Ok this novel really deserves a 3 1/2. I toyed with giving it four stars but it wasn't quite there. Barker's writing style is still fantastic but the story isn't as bizarre and enchanting as Darkmans. In a way, this is more like a weird feminine John Irving-esque sort of novel where the British family of misfits are all named after Thurber dogs and seem like the kind of people who will always struggle to find their place in this world. While the mother goes galavanting across American prisons marketing her anal probe, the rest of the family in England houses a South African who doesn't want to serve in the military. This is set in the 80s and the plot really centers around this farcical series of tricks played upon the guest and the main character. It's fun but it doesn't leave your head spinning with quite the same vigor as I'd like.

( )
  kirstiecat | Mar 31, 2013 |
It’s a while since I read a Nicola Barker novel and when I noticed she’s just published a new one (‘The Yips’) I found I hadn’t read ‘Five Miles from Outer Hope’, written now some twelve years ago and well before ‘Darkmans’, still a favourite of mine.

This novel seems to be much lighter in tone for the most part, stacked with adjectives to give a wild exuberance to it. Opening the book at random, for example, I find the narrator, Medve, up early in the morning about to go fishing – ‘I have an emergency banana stuffed into my woolly pocket, for energy. And frankly, I’m most miserably in need of it – feeling as I do, at that precise moment, about as well worn and washed out as a busy whore’s best knickers – but I hold off peeling and devouring it (time is of the essence) and plod bravely onwards, my stomach growling, all the while, like a territorial Alsatian’.

I think this gives some of the tone of the book with the sentences blossoming outwards, helping to convey the animation of this sixteen year old narrator. As usual with Nicola Barker, you never quite know where’s she’s heading and it’s a matter of enjoying the turns of the novel and the wording as well as thinking about what she is saying. ‘Five miles from outer hope’ sounds rather pessimistic an image but I think the novel remains buoyant. ( )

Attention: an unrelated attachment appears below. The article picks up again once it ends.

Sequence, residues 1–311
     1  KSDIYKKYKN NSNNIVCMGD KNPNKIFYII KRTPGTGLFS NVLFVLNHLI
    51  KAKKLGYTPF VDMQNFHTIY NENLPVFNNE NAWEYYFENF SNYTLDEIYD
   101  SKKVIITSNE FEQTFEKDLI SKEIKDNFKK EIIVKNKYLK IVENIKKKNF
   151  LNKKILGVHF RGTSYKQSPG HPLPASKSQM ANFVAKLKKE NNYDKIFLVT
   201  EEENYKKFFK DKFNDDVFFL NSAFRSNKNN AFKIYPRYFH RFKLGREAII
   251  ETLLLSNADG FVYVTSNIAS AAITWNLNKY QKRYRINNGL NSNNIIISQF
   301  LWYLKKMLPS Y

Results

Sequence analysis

evening | Jul 5, 2012 |
All you need to know about this book can probably be summed up in the first sentence: "It was during those boiled-dry, bile-ridden, shit-ripped, god-forsaken early-bird years of the nineteen eighties". If that makes you smile, you'll probably enjoy the rest of it. If it makes you roll your eyes, then you might as well stop reading there.

Medve, the narrator of this book, is a smart but self-conscious sixteen-year-old with a gothically weird family. The action, such as it is, takes place in June 1981, as Medve attempts to look after her disintegrating family (although she's a bit too self-centred to notice what's really going on) and flirts and fights with a "skinny, self-centred, stupid, impolitic m------f------r" of a deserter from the South African army.

But the story is not really the point - it's Medve's voice that the book focuses on. Barker hits the tone perfectly - just the right mixture of pretentiousness and hostility. I spent a little while wondering what the book was actually about, but then I stopped worrying and decided to enjoy the ride. ( )
1 vote wandering_star | May 3, 2008 |
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Summer, 1981. Medve, sixteen years old and six foot three in her crocheted stockings, is marooned in a semi-derelict hotel on a tiny island off the coast of Devon. There's nothing to do but paint novelty Thatcher mugs, dream of literary murderer Jack Henry Abbott, and despair of her gothically unprepossessing family - including Mo, her anal-probe-inventing mother; Poodle, her shamefully flat-chested sister; and four-year-old Feely, who wants to grow up to be a bulimic (he thinks it's a veterinarian who specialises in livestock). Until one day a ginger stranger arrives, stinking of antiseptic...--Back cover.… (more)